Europe experienced its fifth consecutive month of new car sales decline during January, but still managed to register the month’s highest volumes for a decade.
A total of 1.22 million vehicles were registered in January 2019, as volume dropped by 4.6% year-on-year in what was the first January decline since 2013 as all but five of the region’s 27 market experienced a fall in sales.
Results collated on a monthly basis by Jato Dynamics revealed that only Romania, Hungary, Denmark, Portugal and Greece recording growth.
These are all small markets and not big enough in size to offset drops in the big five markets, or double-digit falls in midsize markets like the Netherlands, Belgium and Czech Republic, it said.
In total, 18 countries experienced larger percentage declines than the UK, with Italy’s 7.2% dip being marking it out as the only nation to exceed its dip by volume.
Diesel sales continued to decline, with volumes down by 18% in January as vehicles powered by the fuel accounted for just 33% of total registrations.
In Italy diesel volumes were down by 30%, meaning the country lost its title of being the biggest market for diesels, Jato reported.
Petrol vehicles counted for 58% of total registrations across Europe, as volumes increased by 2.1% - up almost 4ppts on January 2018.
Commenting on the steady growth in adoption of alternative fuel vehicles (AFV), Jato said that AFV registrations had grown by 22% in January and counted for 7.1% of the total market.
Battery electric vehicles (BEV) were responsible for driving this growth, with registrations almost doubling from 10,200 in January 2018 to 19,600 last month, it said, adding: “The BEV boom wouldn’t have been possible without the outstanding results of the Renault Zoe (the top-selling BEV in Europe), Nissan Leaf and Hyundai Kona.
“Meanwhile, Kia recorded 666 registrations of the e-Niro, Jaguar recorded 509 registrations of the I-Pace, and Audi recorded 430 registrations of the E-Tron.”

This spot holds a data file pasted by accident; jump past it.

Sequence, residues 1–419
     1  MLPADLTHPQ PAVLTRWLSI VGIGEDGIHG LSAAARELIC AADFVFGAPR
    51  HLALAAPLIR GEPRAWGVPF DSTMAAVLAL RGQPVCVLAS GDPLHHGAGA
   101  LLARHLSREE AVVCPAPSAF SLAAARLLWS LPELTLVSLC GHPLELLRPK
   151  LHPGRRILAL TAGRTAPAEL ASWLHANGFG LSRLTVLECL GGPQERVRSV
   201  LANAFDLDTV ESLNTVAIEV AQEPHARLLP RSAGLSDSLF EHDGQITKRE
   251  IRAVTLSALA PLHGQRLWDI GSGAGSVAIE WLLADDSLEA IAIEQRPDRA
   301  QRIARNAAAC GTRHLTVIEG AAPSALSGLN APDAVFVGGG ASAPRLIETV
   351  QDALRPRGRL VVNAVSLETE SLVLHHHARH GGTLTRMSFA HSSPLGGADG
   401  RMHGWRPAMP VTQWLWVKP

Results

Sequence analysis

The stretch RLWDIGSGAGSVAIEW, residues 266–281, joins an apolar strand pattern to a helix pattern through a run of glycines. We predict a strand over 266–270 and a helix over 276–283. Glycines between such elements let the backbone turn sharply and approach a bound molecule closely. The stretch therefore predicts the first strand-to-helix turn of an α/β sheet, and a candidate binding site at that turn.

Although SUV registrations continued to grow, there was a significant slowdown to just 6.1%, but the introduction of 14 new models over the course of 2018 could be attributed for the segments larger impact on last year’s market.
Small SUV volumes were up 13%, however, as the Volkswagen T-Roc led the subsegment for the first time.
Volkswagen Group continued to lead the market, despite their market share falling from 24.6% in January 2018 to 24.2% last month.
The German car maker was negatively affected by big declines at Audi and Porsche as Seat and Lamborghini were the only brands to grow.
For the first time, Volkswagen Group sold more SUVs than any other type of car and was the overall top-selling SUV maker during the month.
The PSA Group was the second biggest car maker during January, as volume fell by just 2% to 206,100 registrations, equivalent to just 90,000 less than VW Group.
Opel/Vauxhall continued to fall in the rankings, mostly due to growing competition for the Mokka SUV.
The FCA Group saw the highest market share decline, falling from 6.6% in January 2018 to 5.8% last month.
Jato attributed FCA’s performance to “the effects of having an aging range, which even resulted in difficulties in its home market of Italy, where it posted the lowest January market share of the last 20 years”.
Jato said that similar effects were being felt by Dacia. The gap between Dacia and Nissan continued to grow, as the former grew by 14%, while the latter fell by 24%.
Ford also felt the impact of a challenging January, as volumes dropped by 16% in France, 15% in the UK and 11% in Italy.
That story differed in Germany, where the brands volumes were up by 15% to 21,100 registrations, as the country became Ford’s largest market in Europe.
The Ford Ecosport excelled, with volume up by a huge 166%, while the Fiesta saw a 31% decline.
Volkswagen’s Golf was once again Europe’s top-selling model despite a 20% decline in registrations.
This was due to a 26% decline in its gasoline registrations, according to Jato.
Volkswagen’s Polo was the best performer in the top 10, recording a 14% growth in volume, thanks to boosts in Germany, the UK and France.
Elsewhere, the Volkswagen Tiguan was the best-selling SUV, despite posting a 12% drop and facing growing competition from its competitor, the Peugeot 3008, which was up by 6%.
The Nissan Qashqai, Europe’s top-selling SUV in 2018, fell by 17% overall as its diesel registrations fell by 28%.